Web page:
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First color photographic film


   Film is not equally sensitive to all wavelengths (colors) of light. The spectral sensitivity is a characteristic of film that must be taken into account in selecting film for use with specific intensifying screens and cameras. In general, the film should be most sensitive to the color of the light that is emitted by the intensifying screens, intensifier tubes, cathode ray tubes (CRTs), or lasers.

   A basic silver bromide emulsion has its maximum sensitivity in the ultraviolet and blue regions of the light spectrum. For many years most intensifying screens contained calcium tungstate, which emits a blue light and is a good match for blue sensitive film. Although calcium tungstate is no longer widely used as a screen material, several contemporary screen materials emit blue light.

   Several image light sources, including image intensifier tubes, CRTs, and some intensifying screens, emit most of their light in the green portion of the spectrum. Film used with these devices must, therefore, be sensitive to green light.

   Silver bromide can be made sensitive to green light by adding sensitizing dyes to the emulsion. Users must be careful not to use the wrong type of film with intensifying screens. If a blue-sensitive film is used with a green-emitting intensifying screen, the combination will have a drastically reduced sensitivity.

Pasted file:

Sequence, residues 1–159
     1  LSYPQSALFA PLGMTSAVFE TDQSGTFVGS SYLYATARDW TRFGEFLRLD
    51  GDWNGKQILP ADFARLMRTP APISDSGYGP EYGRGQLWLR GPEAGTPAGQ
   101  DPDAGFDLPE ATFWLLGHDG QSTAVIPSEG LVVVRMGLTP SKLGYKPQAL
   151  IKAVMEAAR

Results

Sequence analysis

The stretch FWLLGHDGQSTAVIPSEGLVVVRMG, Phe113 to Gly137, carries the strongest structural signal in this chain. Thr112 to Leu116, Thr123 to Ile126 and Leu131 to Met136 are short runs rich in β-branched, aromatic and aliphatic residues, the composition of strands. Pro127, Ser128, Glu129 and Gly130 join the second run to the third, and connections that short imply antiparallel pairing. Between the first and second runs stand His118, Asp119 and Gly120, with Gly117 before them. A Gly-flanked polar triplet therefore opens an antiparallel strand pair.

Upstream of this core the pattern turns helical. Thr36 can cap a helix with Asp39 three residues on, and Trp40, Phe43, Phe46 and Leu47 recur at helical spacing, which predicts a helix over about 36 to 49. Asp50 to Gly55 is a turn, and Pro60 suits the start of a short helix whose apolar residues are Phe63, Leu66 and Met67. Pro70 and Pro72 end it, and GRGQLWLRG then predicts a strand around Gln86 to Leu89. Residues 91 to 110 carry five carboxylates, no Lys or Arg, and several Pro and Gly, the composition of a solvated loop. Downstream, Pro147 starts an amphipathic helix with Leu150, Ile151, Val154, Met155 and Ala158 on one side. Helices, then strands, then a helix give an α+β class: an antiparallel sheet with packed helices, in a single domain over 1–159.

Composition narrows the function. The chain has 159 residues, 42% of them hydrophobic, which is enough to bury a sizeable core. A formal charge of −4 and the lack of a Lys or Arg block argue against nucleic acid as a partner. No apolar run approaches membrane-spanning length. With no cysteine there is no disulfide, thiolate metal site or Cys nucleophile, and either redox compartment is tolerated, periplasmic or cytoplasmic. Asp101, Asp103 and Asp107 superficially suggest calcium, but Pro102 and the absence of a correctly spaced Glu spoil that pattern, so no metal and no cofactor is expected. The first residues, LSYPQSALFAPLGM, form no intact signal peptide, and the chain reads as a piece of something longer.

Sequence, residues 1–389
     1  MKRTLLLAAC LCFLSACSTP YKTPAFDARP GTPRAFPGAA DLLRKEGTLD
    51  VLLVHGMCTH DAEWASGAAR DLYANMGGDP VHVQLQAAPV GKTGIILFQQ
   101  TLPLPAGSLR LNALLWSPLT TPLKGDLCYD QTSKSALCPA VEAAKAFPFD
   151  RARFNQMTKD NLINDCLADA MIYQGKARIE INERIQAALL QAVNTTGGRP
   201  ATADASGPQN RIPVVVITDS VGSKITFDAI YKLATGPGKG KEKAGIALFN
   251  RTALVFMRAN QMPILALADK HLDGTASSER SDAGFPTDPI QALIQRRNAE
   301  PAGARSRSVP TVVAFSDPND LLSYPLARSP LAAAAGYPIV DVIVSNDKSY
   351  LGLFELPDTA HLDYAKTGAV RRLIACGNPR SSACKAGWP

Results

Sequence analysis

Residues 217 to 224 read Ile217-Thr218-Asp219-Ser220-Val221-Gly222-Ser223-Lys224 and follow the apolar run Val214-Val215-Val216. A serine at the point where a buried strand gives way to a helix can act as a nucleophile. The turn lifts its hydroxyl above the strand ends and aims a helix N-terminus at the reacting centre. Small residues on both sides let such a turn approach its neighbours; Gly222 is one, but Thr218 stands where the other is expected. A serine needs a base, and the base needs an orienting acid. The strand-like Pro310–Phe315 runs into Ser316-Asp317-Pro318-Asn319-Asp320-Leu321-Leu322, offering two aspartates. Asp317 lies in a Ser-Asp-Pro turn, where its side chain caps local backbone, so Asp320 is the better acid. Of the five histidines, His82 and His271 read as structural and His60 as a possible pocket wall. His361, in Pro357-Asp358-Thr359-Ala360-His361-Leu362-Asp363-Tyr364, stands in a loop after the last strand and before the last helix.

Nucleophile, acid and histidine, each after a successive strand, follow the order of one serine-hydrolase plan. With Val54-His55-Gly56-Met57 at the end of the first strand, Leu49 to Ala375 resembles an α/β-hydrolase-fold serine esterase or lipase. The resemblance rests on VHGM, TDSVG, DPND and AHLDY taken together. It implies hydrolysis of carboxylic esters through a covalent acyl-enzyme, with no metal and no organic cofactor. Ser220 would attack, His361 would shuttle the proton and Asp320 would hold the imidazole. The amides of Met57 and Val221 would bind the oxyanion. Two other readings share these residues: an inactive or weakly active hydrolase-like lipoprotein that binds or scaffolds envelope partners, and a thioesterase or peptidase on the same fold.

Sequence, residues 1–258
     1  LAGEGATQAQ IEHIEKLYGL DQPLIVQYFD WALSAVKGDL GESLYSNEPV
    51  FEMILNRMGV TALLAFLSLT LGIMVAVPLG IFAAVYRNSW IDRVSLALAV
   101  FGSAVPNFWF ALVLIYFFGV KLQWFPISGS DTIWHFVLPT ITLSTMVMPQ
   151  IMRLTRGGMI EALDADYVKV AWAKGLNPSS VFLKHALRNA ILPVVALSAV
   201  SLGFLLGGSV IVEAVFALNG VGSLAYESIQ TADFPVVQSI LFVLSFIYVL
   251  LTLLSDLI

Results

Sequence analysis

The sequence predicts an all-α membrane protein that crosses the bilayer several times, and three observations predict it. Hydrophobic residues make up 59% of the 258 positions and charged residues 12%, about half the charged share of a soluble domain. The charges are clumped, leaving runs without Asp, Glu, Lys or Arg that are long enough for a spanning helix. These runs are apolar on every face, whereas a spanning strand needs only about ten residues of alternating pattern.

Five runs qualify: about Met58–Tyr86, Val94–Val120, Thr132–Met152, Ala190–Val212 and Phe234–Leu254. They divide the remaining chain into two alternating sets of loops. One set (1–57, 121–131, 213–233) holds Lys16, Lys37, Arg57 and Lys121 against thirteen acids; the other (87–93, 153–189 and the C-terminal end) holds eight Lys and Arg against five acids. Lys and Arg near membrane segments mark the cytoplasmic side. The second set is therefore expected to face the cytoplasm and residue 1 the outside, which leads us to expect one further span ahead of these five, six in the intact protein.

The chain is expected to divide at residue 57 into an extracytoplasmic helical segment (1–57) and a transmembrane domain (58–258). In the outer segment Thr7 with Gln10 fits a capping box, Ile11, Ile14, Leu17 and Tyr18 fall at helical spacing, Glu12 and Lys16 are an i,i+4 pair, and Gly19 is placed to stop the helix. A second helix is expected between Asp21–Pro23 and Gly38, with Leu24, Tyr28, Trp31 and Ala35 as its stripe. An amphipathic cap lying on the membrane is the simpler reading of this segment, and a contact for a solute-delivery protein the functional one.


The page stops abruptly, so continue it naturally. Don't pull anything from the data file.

Many lasers produce red light. Devices that transfer images to film by means of a laser beam must, therefore, be supplied with a film that is sensitive to red light. 

   Darkrooms in which film is loaded into cassettes and transferred to processors are usually illuminated with a safelight. A safelight emits a color of light the eye can see but that will not expose film. Although film has a relatively low sensitivity to the light emitted by safelights, film fog can be produced with safelight illumination under certain conditions. The safelight should provide sufficient illumination for darkroom operations but not produce significant exposure to the film being handled. This can usually be accomplished if certain factors are controlled. These include safelight color, brightness, location, and duration of film exposure.

   The color of the safelight is controlled by the filter. The filter must be selected in relationship to the spectral sensitivity of the film being used. An amber-brown safelight provides a relatively high level of working illumination and adequate protection for blue-sensitive film; type 6B filters are used for this application. However, this type of safelight produces some light that falls within the sensitive range of green-sensitive film.
   A red safelight is required when working with green-sensitive films. Type GBX filters are used for this purpose.

   Selecting the appropriate safelight filter does not absolutely protect film because film has some sensitivity to the light emitted by most safelights. Therefore, the brightness of the safelight (bulb size) and the distance between the light and film work surfaces must be selected so as to minimize film exposure.

   Since exposure is an accumulative effect, handling the film as short a time as possible minimizes exposure. The potential for safelight exposure can be evaluated in a darkroom by placing a piece of film on the work surface, covering most of its area with an opaque object, and then moving the object in successive steps to expose more of the film surface. The time intervals should be selected to produce exposures ranging from a few seconds to several minutes. After the film is processed, the effect of the safelight exposure can be observed. Film is most sensitive to safelight fogging after the latent image is produced but before it is processed.



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